I, too, am facing the same situation in that my father needs additional care. We recently moved him to an assisted living dementia unit. He is not adjusting and just
this past weekend he had declined so significantly that we took him to the ER. It turned out that he was over medicated. He is now in the hospital and we realize that the situation must play out and we now need to lean on the resources they will be providing us (i.e. social worker, discharge plan, etc.) You asked the million dollar question because I am learning the following things through experiencing this terrible disease:
1. In relating to a person with dementia, always remember not to fall into the trap of trying to rationalize with the person regarding complex decisions. This is counter-intuitive but I try to remember my goal is to keep him calm. I tell myself that in these instances, I am having a relationship with a disease and not my father when things get difficult.
2. Does your father go and visit his wife at this point? Is it possible that he could start going to the nursing home for regular visits with his wife? This way he would establish a routine of being in that environment which might help with the eventual transition.
3. It is good that he doesn't drive anymore. Why can't the car go with him to the nursing home? It sounds like it is parked outside where he lives so why can't it be parked at the nursing home? Just be sure he doesn't have access to the keys.
4. I try to remember that behavior can be driven by fear and need. When your Dad becomes hurtful, try remembering this, "Hurt people hurt people."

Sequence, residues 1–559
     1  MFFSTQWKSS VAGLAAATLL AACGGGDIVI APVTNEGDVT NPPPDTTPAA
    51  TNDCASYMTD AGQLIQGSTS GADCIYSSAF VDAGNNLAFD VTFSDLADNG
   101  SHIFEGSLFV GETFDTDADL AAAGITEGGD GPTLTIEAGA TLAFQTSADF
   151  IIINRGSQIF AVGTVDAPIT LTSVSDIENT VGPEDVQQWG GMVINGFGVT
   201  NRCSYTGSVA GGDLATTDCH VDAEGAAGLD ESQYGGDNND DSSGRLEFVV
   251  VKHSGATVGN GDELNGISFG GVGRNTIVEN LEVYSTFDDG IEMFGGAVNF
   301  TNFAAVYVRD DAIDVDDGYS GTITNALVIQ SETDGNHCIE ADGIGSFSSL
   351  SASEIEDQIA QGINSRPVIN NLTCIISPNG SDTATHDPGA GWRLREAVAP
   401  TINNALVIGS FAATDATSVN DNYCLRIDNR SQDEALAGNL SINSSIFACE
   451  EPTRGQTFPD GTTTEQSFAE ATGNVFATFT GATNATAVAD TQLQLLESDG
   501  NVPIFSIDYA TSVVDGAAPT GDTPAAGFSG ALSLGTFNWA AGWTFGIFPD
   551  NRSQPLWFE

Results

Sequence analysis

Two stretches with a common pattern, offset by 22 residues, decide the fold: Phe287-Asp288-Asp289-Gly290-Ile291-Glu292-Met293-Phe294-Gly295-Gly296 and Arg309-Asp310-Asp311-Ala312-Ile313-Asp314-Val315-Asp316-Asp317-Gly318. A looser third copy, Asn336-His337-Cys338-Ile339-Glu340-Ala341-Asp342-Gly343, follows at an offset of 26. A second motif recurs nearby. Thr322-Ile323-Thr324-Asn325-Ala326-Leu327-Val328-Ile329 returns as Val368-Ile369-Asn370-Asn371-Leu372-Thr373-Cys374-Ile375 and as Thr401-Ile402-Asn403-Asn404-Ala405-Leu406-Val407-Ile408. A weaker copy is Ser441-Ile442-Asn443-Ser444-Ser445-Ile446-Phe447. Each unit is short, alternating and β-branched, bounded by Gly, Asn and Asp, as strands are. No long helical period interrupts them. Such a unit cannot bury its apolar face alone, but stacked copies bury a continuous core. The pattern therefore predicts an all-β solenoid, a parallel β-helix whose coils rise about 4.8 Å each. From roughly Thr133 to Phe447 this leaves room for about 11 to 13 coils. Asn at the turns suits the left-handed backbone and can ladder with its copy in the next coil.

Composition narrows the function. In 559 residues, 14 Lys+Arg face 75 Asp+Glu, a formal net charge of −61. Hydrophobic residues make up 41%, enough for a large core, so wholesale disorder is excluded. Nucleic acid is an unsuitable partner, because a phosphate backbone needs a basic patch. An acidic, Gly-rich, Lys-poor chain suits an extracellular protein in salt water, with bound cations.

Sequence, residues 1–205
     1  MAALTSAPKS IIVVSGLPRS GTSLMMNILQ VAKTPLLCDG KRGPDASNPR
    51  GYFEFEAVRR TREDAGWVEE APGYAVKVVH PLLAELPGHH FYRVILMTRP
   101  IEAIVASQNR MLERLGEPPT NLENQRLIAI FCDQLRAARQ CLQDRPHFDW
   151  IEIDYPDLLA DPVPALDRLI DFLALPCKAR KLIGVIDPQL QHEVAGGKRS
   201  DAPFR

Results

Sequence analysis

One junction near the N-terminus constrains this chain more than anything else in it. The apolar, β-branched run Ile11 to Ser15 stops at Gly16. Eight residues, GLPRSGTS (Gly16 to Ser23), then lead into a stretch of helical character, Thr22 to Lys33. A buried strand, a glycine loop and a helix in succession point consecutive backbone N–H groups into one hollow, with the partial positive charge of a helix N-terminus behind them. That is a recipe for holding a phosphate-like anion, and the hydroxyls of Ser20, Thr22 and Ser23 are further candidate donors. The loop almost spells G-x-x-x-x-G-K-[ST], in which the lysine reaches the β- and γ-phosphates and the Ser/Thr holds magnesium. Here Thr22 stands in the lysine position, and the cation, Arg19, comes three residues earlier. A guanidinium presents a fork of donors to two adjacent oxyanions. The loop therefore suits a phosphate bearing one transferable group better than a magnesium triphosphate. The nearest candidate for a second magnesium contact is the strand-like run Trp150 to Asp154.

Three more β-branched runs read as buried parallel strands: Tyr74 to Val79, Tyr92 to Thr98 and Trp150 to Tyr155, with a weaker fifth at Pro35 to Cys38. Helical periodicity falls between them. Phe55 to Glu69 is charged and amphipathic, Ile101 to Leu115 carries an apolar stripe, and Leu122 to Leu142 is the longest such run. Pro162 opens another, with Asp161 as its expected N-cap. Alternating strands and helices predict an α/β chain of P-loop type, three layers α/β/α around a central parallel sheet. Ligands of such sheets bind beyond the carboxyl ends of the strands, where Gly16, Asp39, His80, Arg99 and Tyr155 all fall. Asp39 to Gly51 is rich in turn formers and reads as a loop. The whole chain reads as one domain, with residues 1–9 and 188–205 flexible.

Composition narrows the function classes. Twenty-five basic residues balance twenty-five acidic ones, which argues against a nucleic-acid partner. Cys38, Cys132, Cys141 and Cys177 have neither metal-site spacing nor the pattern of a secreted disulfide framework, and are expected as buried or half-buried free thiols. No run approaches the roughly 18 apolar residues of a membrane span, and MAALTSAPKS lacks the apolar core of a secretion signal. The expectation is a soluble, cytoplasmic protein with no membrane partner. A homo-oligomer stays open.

5. Don't feel guilty. You sound like a very caring person doing the very best they can!! I am amazed at everything you are doing for your dad plus still working and trying to be part of your son's life.
6. If it helps, use the framework of "Is my father safe in his environment?" It sounds like he is no longer safe in that you mention falling. Once you answer this question, allow that to be your motivation as you move forward in the care for your father. Remember, he is losing his ability to rationalize so try and avoid that pitfall. Redirect, redirect, redirect when your father is irrational. Continue to plant seeds like, "I'm glad mom doesn't have to worry about steps anymore. I used to worry all the time that she would fall and that would have been a bad situation." "You know Dad, you are so important to me and right now the most important thing is your safety and happiness."
6. There are no easy answers. Hang in there -- lean on the experts -- remember to take a breather for yourself -- and absolutely no blaming of yourself during this very difficult time with your father. I have a feeling you will figure this out.